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GPs should refer patients to Skype outpatient appointments, says NHS England

GPs could soon be referring patients to outpatient appointments taking place via Skype, following calls from NHS England's medical director.

Professor Stephen Powis said the 'the time has come' to use technology to reduce some of the 118m outpatient appointments every year, 'many of which' NHS England claimed are 'unnecessary'.

Aside from using 'Skype, apps and online tools' to treat outpatients, another alternative route to make better use of patients time would be by having them seen 'by specialists at the GP surgery', said Professor Powis.

According to NHS England, this would mean 'thousands' of patients being 'spared hospital visits, time off work and school while also saving the NHS millions'.

Professor Powis further suggested these new measures would form part of the NHS long-term plan, which is expected to be published later this month.

He said: 'The outpatient system is older than the NHS and the time has come to grasp the nettle and use tech and other innovations to improve patients’ experience and care. 

'As part of the long-term plan for the NHS, it’s right we look at ways to cut unnecessary appointments, save thousands of journeys, reduce traffic and pollution and make the NHS more efficient.'

But Family Doctor Association chair Dr Peter Swinyard said: 'There are few specialities in which a contemporaneous examination of the patient is not a useful part of the consultation.

'There is a risk that this could just transfer secondary care work inappropriately to overstretched GPs – we want a consultant opinion and sometimes supervision of care where it is clearly the right place for care.'

Highlighting a number of NHS 'case studies' related to cutting outpatient appointments, NHS England mentioned a virtual renal e-clinic in Tower Hamlets in east London, via which GP can send questions on kidney patients direct to specialist consultants for a quick reply.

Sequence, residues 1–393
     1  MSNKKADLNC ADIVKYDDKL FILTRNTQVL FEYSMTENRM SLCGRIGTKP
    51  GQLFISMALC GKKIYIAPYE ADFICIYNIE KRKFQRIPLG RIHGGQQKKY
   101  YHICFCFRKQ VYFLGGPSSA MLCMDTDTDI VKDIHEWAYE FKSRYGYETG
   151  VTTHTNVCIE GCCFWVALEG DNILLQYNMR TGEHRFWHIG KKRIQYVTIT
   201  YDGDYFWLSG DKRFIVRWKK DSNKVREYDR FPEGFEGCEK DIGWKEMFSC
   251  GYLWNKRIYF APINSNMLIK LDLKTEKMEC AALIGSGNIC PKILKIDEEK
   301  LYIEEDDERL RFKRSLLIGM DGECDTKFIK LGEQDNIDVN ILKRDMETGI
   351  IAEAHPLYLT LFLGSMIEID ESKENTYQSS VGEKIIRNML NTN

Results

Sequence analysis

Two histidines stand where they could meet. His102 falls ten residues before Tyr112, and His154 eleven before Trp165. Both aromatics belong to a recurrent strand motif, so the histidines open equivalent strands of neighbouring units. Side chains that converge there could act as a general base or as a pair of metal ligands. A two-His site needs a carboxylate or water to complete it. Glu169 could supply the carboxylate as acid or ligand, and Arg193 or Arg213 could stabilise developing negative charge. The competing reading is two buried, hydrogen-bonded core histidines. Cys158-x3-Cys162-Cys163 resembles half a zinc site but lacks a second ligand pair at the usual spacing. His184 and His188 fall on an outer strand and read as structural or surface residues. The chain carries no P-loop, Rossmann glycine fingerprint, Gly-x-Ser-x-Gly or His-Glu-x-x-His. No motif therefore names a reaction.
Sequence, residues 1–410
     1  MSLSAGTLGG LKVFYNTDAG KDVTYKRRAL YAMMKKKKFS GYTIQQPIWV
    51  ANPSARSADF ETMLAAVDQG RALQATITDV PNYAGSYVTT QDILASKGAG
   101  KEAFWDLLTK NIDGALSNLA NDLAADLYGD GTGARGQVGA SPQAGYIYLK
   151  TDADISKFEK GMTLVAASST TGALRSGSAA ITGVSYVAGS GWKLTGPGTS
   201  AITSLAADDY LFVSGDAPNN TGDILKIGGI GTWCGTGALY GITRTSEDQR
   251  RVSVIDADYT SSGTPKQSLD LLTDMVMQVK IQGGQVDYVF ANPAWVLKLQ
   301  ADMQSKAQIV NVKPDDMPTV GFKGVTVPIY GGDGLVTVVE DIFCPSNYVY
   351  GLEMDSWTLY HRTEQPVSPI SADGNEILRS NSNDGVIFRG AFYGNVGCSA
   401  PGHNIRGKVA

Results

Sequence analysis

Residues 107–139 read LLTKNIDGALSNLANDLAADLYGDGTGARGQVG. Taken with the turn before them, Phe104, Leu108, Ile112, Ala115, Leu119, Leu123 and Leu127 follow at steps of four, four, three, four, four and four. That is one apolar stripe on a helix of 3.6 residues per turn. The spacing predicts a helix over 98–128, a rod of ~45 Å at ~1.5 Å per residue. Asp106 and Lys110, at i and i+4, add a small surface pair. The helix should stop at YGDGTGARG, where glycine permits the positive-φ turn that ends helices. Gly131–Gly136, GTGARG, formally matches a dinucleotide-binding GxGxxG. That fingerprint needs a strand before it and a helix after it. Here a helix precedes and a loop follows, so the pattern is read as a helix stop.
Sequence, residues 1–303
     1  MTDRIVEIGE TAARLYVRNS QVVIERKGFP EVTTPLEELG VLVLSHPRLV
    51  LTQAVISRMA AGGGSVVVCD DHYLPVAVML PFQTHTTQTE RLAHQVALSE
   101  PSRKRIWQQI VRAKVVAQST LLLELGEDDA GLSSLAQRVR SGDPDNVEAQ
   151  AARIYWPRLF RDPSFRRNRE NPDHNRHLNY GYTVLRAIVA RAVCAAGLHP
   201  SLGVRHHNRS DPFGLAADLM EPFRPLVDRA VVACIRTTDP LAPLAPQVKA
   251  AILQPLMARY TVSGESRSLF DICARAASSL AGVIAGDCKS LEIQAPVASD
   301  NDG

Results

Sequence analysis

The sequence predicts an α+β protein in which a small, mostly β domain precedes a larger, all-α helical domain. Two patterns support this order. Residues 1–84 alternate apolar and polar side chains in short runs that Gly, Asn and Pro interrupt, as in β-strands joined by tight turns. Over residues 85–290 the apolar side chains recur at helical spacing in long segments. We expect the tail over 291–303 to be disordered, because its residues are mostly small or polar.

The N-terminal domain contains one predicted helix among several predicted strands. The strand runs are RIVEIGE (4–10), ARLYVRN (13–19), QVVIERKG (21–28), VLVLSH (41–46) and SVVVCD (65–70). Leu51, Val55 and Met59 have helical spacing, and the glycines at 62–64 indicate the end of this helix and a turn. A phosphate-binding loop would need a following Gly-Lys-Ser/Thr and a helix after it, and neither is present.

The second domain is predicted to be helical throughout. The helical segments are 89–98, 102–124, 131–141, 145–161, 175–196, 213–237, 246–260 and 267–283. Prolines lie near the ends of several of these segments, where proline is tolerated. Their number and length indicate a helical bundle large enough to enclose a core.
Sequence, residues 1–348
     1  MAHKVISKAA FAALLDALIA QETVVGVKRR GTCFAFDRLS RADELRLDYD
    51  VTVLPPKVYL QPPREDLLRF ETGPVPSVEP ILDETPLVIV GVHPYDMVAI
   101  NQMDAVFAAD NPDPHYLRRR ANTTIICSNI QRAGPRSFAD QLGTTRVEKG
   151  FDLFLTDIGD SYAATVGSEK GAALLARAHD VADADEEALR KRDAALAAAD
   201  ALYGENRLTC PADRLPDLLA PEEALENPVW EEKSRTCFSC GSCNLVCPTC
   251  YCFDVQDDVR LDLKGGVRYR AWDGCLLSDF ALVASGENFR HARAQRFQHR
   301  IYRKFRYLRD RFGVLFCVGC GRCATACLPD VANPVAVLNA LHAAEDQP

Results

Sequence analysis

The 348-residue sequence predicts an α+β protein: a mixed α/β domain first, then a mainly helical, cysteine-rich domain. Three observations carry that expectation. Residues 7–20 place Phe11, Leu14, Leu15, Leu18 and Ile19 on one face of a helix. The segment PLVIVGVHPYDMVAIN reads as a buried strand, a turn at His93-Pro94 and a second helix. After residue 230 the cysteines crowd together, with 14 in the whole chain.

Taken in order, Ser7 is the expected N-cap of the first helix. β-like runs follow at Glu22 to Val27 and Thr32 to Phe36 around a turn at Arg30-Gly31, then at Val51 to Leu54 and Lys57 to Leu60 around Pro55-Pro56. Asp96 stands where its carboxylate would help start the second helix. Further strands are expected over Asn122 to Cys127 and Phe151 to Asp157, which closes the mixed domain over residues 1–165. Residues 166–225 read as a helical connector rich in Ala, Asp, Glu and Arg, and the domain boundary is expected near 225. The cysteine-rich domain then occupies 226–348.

It also mentioned the telephone ‘hotline’ for GPs to get fast advice from neurology consultants in Cheshire and Merseyside, which NHS England recently claimed has saved £100,000 a year.

Professor Powis made his comments in the foreword of a new report by the Royal College of Physicians, published today.

Among the report's key recommendations, the RCP suggests it is time hospitals were paid based on 'clinical value, not units of physical interaction or activity'.

The report also noted that a reduction in referrals to outpatients by GPs has been 'negated' because of a rise in referrals from other consultants.

Taking a swipe at CCG measures to reduce referrals from primary care, as highlighted by Pulse's 'cash-for-cuts' investigation, the report said: 'Interventions to reduce new patient demand should be targeted at all referral sources.

'They must not deter necessary referrals or damage professional working relationships.'

Readers' comments (15)

  • Bornjovial

    Used carefully this can be an useful tool in select patients in selected circumstances.
    However To a man with a hammer, everything looks like a nail - should not apply it indiscriminately.

    I offered to pilot Skype/ Conference consultations between patient, GP and lipid clinic consultant who almost never needed to examine a patient more than a GP can.